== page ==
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The Honolulu Advertiser
Posted on: Tuesday, March 14, 2006

Schools should end spanking

By John Rosemond

A group has formed in North Carolina to lobby for the prohibition of corporal punishment in public schools. They asked me to sign a petition to that effect, which put me in somewhat of a bind.

I was concerned that my endorsement would create the impression that I am anti-spanking, which I am not. Nor, however, am I pro-spanking. I feel there are exceptional times when a spanking is warranted and is arguably the best of all possible disciplinary responses. (However, I think most spankings delivered by most parents are delivered stupidly and accomplish nothing.)

I simply believe that the government should not be the arbiter of parent discipline, and that existing child-abuse law is sufficient to deal with parent behavior that goes over the line.

I do, however, believe that if individual school districts will not prohibit the use of corporal punishment which is often the case in North Carolina and a number of other states, mostly Southern then it's high time state government stepped in and put the ban in place for them. School officials have no business spanking students, period.

In the first place, there is no evidence that students in school districts that allow corporal punishment are any better behaved than students in others. Teachers in Texas, for example, administer nearly one of every four school spankings in the United States. In Mississippi, one out of every 10 students is eventually paddled. Neither state can claim the prize for "Best-Behaved Students."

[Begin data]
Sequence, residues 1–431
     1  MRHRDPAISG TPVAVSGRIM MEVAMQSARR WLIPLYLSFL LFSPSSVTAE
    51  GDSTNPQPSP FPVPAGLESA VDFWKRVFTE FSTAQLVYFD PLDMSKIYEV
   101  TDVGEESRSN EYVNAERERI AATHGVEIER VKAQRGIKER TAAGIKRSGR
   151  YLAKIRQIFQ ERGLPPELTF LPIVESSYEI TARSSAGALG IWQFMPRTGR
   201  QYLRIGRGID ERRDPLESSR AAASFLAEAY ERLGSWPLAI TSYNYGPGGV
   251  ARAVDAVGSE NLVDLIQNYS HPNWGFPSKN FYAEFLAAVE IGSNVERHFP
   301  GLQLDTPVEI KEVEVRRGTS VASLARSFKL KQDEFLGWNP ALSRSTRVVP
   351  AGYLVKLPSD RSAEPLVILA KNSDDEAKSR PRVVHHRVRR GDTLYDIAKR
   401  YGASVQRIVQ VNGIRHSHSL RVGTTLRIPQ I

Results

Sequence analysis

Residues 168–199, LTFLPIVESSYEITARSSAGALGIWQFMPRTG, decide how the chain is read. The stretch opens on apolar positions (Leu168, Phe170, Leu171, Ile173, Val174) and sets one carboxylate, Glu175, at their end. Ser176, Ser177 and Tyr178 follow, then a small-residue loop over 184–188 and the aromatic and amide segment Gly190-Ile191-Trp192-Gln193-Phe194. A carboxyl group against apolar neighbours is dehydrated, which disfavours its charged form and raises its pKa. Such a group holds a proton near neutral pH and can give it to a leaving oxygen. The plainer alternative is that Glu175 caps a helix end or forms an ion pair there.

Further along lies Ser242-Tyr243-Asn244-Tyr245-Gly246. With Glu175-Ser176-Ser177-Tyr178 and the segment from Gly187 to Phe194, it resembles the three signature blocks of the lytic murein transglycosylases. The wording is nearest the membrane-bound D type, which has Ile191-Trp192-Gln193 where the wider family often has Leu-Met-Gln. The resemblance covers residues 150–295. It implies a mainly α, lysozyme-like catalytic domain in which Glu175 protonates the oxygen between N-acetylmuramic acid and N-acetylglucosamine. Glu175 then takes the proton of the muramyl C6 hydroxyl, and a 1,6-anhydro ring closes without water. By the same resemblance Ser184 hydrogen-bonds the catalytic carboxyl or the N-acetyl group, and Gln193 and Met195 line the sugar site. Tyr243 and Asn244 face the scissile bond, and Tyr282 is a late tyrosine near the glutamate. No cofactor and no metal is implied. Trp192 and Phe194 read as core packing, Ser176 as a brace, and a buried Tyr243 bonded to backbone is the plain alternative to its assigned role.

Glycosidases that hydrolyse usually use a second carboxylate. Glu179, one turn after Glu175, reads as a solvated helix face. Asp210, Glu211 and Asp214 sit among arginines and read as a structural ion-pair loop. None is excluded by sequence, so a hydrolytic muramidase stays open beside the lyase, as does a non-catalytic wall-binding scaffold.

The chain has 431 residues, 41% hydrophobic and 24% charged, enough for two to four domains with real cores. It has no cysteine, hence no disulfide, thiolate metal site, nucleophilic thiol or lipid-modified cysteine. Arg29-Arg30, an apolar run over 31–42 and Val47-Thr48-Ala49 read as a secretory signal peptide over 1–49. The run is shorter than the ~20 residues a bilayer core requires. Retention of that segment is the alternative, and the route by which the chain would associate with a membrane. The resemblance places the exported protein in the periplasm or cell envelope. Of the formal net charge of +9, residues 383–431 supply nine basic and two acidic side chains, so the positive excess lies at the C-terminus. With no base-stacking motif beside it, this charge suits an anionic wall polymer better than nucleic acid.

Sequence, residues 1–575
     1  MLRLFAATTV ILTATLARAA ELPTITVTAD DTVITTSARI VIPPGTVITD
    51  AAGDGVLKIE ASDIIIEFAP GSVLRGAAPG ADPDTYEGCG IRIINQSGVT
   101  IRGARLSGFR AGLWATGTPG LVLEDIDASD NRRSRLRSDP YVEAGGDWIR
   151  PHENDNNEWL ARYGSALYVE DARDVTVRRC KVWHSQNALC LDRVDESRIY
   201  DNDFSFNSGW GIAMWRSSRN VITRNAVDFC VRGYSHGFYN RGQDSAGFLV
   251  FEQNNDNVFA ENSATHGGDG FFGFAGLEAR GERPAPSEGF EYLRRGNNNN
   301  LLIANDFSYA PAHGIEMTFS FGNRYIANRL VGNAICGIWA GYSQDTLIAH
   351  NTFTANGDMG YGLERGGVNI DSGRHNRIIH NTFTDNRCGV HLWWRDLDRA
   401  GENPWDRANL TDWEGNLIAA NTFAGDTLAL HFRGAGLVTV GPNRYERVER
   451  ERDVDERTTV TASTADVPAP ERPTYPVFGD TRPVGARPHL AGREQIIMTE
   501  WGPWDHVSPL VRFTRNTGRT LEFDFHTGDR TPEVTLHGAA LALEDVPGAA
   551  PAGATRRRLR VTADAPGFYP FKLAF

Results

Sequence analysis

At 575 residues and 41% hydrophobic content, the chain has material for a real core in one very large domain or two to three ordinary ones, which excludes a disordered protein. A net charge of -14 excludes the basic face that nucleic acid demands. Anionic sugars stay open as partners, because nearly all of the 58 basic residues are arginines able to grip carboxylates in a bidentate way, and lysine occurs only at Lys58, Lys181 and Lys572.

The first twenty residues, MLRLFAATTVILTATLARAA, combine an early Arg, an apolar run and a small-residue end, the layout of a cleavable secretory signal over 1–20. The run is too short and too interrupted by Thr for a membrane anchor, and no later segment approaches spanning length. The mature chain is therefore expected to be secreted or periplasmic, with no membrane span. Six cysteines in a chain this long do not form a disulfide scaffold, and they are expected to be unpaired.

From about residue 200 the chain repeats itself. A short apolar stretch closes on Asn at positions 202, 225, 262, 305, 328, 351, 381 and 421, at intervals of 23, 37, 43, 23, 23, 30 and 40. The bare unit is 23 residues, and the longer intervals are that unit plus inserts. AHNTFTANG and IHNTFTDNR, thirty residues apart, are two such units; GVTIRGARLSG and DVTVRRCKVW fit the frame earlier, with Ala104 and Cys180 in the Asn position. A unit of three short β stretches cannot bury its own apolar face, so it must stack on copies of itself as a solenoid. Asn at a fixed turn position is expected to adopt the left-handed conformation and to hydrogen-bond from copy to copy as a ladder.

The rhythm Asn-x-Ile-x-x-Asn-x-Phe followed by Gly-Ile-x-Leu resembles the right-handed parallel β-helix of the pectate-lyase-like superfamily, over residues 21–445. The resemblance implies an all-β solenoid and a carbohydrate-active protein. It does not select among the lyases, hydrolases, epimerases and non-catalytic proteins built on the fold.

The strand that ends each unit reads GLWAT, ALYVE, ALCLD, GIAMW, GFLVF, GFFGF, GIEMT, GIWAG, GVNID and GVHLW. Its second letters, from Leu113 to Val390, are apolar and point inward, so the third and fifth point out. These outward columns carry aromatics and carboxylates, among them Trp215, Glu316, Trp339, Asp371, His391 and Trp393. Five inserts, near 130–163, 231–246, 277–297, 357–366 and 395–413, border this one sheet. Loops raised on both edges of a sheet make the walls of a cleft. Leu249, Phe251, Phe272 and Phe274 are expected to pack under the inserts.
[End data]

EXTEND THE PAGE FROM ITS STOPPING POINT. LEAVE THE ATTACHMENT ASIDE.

Second, it is obvious to students that a school-administered spanking is a last-ditch, desperate measure. Effective discipline is never administered in desperation. Desperation and discipline are incompatible. In that context, the person who is spanking is admitting defeat.

Third, statistics concerning school spankings suggest an underlying racism. Consider that black students make up 17 percent of the public-school population yet receive 39 percent of school-based spankings. It could be that black parents are more likely than white parents to give schools permission to spank, but that is no excuse for abiding an outcome that can be used to claim racism.

Last, but by no means least, for a spanking to be effective, an intimate, trusting relationship must pre-exist between the spanker and spankee. Without that relationship, a spanking is likely to produce resentment and more rebellion. Needless to say, principals and teachers don't qualify. Neither do some parents, but they'd be the last to realize that about themselves.

Unfortunately, the National Coalition to Abolish Corporal Punishment in Schools is allied with End Physical Punishment of Children and The Center for Effective Discipline, groups that want the federal government to disallow parental spanking law that would inevitably lead to the government assuming an increasingly totalitarian role in matters of child discipline. On their Web site, www.stophitting.com, the National Coalition to Abolish Corporal Punishment in Schools makes the usual unverified, histrionic claims about spanking, such as "it teaches children to hit someone smaller and weaker when angry." Thus, my dilemma.

Family psychologist John Rosemond answers parents' questions at www.rosemond.com.